There's still a week to go before the new Star Wars film, The Force Awakens releases in India, but it has already released in other countries. We haven't seen the film yet, and are still a little worried that it won't live up to the hype, but the early reviews we've been reading are really positive.
If you're keen to know what people are saying about the movie but don't have the time to read a bunch of different reviews, then we've got you covered with this meta-review, that's putting together impressions from around the Web.
Based on what we're reading at least, Star Wars: The Force Awakens is one of the best movies of the year, and we're really looking forward to the December 25 India release date so that we can find out for ourselves. Needless to say - spoilers ahead.
At NPR, the interview starts with the words you needed to hear: "But all you really want to know is whether it's good, right? Well, in fact, it is better than it had to be." The review does raise some questions, such as the fact that Kylo Ren's mask is never explained, and also that "the nostalgia gets thick enough that the film turns into an echo chamber at times, with family themes reverberating from that original trilogy."
Over at io9, the review also points out that the second half of the film feels weaker than the beginning. "At times, the larger plot and wider story ideas don't have quite as much sticking power, and some of the film's second half ends up being a bit cue-cardy."
Funnily enough, the review also pointed out that the film doesn't have any of director JJ Abrams' expected lens flares - clearly he's tired of all the jibes he's gotten on the subject over the Internet.
The Buzzfeed review isn't spoiler free, but it points out that The Force Awakens does a great job with its new characters, and doesn't rely too heavily on the stars from the original trilogy, one of the things we were worried about. "With all love for Harrison Ford, Carrie Fisher, and Mark Hamill, who each got their own warm round of applause when first appearing onscreen during Tuesday night's New York press screening of The Force Awakens, it's the new characters -- especially Rey (Daisy Ridley), Finn (John Boyega), Kylo Ren (Adam Driver), and BB-8 -- who steal the show."
"And in a clever touch, these characters are, like the rest of us, fans. Rey, who's been eking out a living as a scavenger on the planet of Jakku while waiting for her family's return, gasps in delight when she learns she's in the company of Han Solo (Ford) and that the ship she helped abscond with is the Millennium Falcon. Finn, a Stormtrooper who develops a conscience and goes AWOL, wonders aloud about Han's war hero past."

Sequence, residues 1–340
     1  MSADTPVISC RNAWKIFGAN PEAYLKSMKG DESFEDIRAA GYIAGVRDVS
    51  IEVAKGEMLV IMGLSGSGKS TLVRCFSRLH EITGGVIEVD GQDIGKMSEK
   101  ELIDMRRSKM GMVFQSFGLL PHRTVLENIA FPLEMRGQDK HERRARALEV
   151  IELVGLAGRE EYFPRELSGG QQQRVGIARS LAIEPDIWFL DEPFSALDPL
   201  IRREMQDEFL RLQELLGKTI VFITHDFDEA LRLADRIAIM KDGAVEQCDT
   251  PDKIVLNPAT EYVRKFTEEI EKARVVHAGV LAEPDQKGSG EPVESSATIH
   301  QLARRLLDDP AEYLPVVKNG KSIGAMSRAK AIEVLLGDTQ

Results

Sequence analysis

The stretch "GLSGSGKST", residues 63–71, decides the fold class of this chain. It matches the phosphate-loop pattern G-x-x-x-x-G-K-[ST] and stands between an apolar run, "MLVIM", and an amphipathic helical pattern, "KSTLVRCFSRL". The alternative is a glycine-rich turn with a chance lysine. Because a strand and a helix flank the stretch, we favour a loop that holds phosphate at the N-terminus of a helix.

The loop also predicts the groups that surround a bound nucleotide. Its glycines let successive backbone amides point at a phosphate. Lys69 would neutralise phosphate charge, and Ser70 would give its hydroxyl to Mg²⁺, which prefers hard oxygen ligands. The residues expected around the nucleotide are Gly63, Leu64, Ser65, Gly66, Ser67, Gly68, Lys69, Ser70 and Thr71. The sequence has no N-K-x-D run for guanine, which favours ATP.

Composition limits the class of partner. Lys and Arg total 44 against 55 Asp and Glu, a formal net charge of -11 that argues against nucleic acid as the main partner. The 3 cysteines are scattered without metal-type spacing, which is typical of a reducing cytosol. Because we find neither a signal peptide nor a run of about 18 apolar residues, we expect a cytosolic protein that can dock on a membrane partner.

Most reviews agree that The Force Awakens most strongly reminds them of A New Hope. "And The Force Awakens sometimes feels as much like a remake of A New Hope as it does a continuation. But if they hew a little too close to the 1977 film, Abrams and his co-writers Lawrence Kasdan and Michael Arndt understand that what audiences want from this age of sequels and reboots and remakes is the cozy feeling that comes from the known combining with the new."
"The Force Awakens shows itself a movie in the spirit of the original trilogy, which ended with Return of the Jedi in 1983," writes The Guardian.
There's also plenty of action to be had from the film. "The lightsaber contests themselves are of course more athletic than in the 70s and 80s but also somehow more humanly interesting: Rey herself needs no condescending advice from men either on unarmed combat or flying the Millennium Falcon," notes The Guardian, while io9 points out: "There's also the fact that we haven't seen this much spaceship combat and planet-hopping insanity in way too long. Sure, we've had Abrams' Star Treks, Guardians of the Galaxy, and a few others, but this movie delivers a lot more starship explosions for your movie-going dollar than anything else I've seen in ages."
Time however strikes a note of caution, saying that The Force Awakens is everything you could hope for in a Star Wars movie, and less. It asks: "when you've been charged with reviving one of the most obsessively beloved franchises in modern movies, is it better to defy expectations or to meet them? With Star Wars: The Force Awakens, J.J. Abrams splits the difference, and the movie suffers. Abrams begins delivering everything we expect, as opposed to those nebulous wonders we didn't know we wanted."
Salon goes a step further, and says, "you know all the spoilers in JJ Abrams' obsessive reboot, because you've seen this movie before."
"So the bad guy wears a mask, an orphan has special powers and somebody has a surprising dad -- sound familiar?"
Despite the faintly cynical dismissals of the film, it's becoming increasingly clear that even if The Force Awakens isn't great cinema, it looks to be a very enjoyable movie for genre fans. If you're a big fan of Star Wars - and we certainly are - then this is definitely going to be the highlight of 2015.